VICTOR VALLEY:(VVNG)- Laws laws and more laws; over 900 new ones, yes, in the great state of California. Most laws were bills signed into law by Gov. Jerry Brown and may have a dramatic affect in how California does business, the impact on crimes, criminals, and the statutory laws that will be changing.
Some of them are listed below. Most are for good but others, people have raised a few eyebrows over. This is a synopsis of some that may affect you In one way or another. Some laws are great, some not so good and some almost unenforceable. You be the subjective judge. Some laws are the first in the country to be activated. Only time will tell if they will work.
The legislature has sure been busy let’s hope for the best:
Mandatory Paid Sick Leave:
Law: AB 1552. Mandatory paid sick leave; allows the employer to cap at three days a year and six days of accrual.
What it says: Beginning on July 1, employers must pay sick leave to any employee who works for at least 30 days within one year. It applies to full-time, part-time, temporary, migrant and seasonal employees. Small businesses are not exempt.
Abusive Conduct Training:
Law: AB 2053. Expands existing sexual-harassment training requirements to include prevention of abusive conduct.
What it says: Employers already required to provide sexual harassment training to supervisors must now also provide training on “abusive conduct.”
That conduct is defined as something that “a reasonable person would find hostile, offensive, and unrelated to an employer’s legitimate business interests.” Acts can include “repeated infliction of verbal abuse…verbal or physical conduct that a reasonable person would find threatening, intimidating, or humiliating, or the gratuitous sabotage or undermining of a person’s work performance.”
What it Means
The law “does not create a cause of action for abusive conduct in the workplace, but it does appear to be the first step toward protecting workers against bullying in the workplace that is not linked to any form of illegal discrimination.”
Law: AB 477. Foreign labor contractors, foreign worker protection.
What it says: Defines “foreign labor contractor” as a person “recruiting or soliciting for compensation a foreign worker who resides outside of the United States in furtherance of that worker’s employment in California.”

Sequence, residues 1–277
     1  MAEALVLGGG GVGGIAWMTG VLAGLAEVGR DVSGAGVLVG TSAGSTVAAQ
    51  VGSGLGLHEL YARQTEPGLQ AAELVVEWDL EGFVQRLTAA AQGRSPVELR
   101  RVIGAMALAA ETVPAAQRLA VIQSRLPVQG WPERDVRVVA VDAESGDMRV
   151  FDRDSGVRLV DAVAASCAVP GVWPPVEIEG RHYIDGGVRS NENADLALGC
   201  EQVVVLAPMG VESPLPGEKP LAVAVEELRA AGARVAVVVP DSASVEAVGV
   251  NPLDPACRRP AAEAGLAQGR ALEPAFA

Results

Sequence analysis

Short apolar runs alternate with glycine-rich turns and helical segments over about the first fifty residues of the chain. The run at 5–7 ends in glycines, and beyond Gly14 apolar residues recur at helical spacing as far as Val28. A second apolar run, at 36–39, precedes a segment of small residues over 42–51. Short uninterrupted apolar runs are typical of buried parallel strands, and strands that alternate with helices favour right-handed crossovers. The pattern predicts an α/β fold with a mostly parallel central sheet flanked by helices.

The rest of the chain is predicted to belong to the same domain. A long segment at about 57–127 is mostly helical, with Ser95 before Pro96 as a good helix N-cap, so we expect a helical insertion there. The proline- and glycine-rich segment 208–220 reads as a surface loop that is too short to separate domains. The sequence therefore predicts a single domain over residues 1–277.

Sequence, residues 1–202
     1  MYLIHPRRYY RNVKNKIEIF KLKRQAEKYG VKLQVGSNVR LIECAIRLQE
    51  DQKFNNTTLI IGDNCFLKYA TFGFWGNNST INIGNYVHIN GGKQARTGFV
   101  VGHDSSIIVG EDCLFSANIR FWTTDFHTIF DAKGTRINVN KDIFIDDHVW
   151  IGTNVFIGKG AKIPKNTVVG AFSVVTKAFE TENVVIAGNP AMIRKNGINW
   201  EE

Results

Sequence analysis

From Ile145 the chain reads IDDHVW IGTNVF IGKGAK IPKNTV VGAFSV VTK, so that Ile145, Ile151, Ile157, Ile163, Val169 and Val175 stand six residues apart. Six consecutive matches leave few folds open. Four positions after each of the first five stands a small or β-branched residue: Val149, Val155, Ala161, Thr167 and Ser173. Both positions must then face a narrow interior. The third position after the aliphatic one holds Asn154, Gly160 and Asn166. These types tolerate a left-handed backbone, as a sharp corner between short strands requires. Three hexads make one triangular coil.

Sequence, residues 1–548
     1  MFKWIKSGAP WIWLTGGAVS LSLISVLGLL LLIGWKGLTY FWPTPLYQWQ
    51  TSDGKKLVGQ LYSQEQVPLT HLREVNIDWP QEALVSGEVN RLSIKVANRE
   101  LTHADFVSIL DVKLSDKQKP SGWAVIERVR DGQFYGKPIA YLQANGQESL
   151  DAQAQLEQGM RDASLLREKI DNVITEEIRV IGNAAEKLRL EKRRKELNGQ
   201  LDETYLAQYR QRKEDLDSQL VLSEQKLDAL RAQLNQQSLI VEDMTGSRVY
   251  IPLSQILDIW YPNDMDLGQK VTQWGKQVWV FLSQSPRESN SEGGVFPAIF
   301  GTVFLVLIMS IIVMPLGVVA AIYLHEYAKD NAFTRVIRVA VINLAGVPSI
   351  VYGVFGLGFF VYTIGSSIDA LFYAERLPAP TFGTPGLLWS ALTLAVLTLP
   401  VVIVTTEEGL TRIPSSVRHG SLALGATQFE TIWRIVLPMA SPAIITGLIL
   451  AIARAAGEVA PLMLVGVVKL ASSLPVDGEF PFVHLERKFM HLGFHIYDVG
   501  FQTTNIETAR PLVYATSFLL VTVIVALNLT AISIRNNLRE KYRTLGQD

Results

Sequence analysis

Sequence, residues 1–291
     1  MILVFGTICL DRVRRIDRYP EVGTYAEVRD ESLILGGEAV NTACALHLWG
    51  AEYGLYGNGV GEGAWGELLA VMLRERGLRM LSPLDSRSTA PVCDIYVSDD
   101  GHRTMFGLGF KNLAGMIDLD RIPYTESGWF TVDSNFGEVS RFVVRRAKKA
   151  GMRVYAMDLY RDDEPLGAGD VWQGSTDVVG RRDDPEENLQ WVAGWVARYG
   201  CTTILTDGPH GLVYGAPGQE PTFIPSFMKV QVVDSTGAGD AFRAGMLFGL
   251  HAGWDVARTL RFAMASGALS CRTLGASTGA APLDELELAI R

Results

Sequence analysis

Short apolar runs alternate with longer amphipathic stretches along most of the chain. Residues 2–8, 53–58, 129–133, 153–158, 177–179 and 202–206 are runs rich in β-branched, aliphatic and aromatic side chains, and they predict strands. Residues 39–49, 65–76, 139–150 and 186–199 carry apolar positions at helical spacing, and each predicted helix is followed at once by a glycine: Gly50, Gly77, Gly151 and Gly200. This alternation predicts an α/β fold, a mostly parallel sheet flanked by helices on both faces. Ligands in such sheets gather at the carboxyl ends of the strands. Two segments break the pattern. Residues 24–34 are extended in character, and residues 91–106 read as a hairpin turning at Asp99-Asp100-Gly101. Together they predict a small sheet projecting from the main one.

What it means: Foreign labor contracting will be more regulated in California and foreign workers more protected.
SB 270, Plastic Bag Ban:
This was one of the most-talked about laws passed in 2014, when California became the first state in the nation to ban the use of single-use plastic bags at places like grocery and drug stores. This starts going into effect in July.
Driver’s Licences for Immigrants:
Under this law, which went into effect with the new year, the DMV is required to issue a driver license to any applicant “…who can prove identity and California residency, and meet all other licensing requirements, such as passing the driver license knowledge and behind-the-wheel driving exams.” Long lines are expected at the already-infamously packed DMV in the coming weeks.
SB 967, ‘Yes Means Yes’:
The so-called “Affirmative Consent” bill, is intended to eliminate college date rapes by forcing all colleges and universities in California, including community colleges, to adopt protocols for complaints. As the law reads, both parties must give spoken consent for sex; silence is not considered consent and any sex act must be consensual THROUGHOUT the act.
AB 1965, Pets at Restaurants:
Don’t be surprised if you start spotting more pooches while you’re eating out. This bill was signed into law in August and gives restaurants the option to allow pet dogs in their outdoor seating areas under specified conditions unless a local ordinance determines otherwise.
AB 1014, Gun Violence Restraining Order:
Passed in the wake of a terrible tragedy near UCSB, this law allows for the temporary removal of firearms from individuals who are deemed at risk for committing acts of violence.
SB 1255, ‘Revenge Porn’:
This law expands on current legislation so that images such as naked ‘selfies’ can’t be distributed without consent, and can fall into the revenge porn category for criminal prosecution. Effective Jan. 1, it’s now a crime to send out these images without consent, no matter who took them.
AB 966, Condoms for Prisoners:
Yes, you read that correct. Prisoners, who aren’t technically supposed to engage in sexual relations, will all soon have access to condoms. The lawmaker who spearheaded this bill says the goal is to reduce HIV infections in state prison and that “…AB 966 requires the California Department of Corrections and Rehabilitation (CDCR) to develop a five-year plan to distribute condoms in all state prisons.”
On my next article we will go deeper into statutory criminal laws.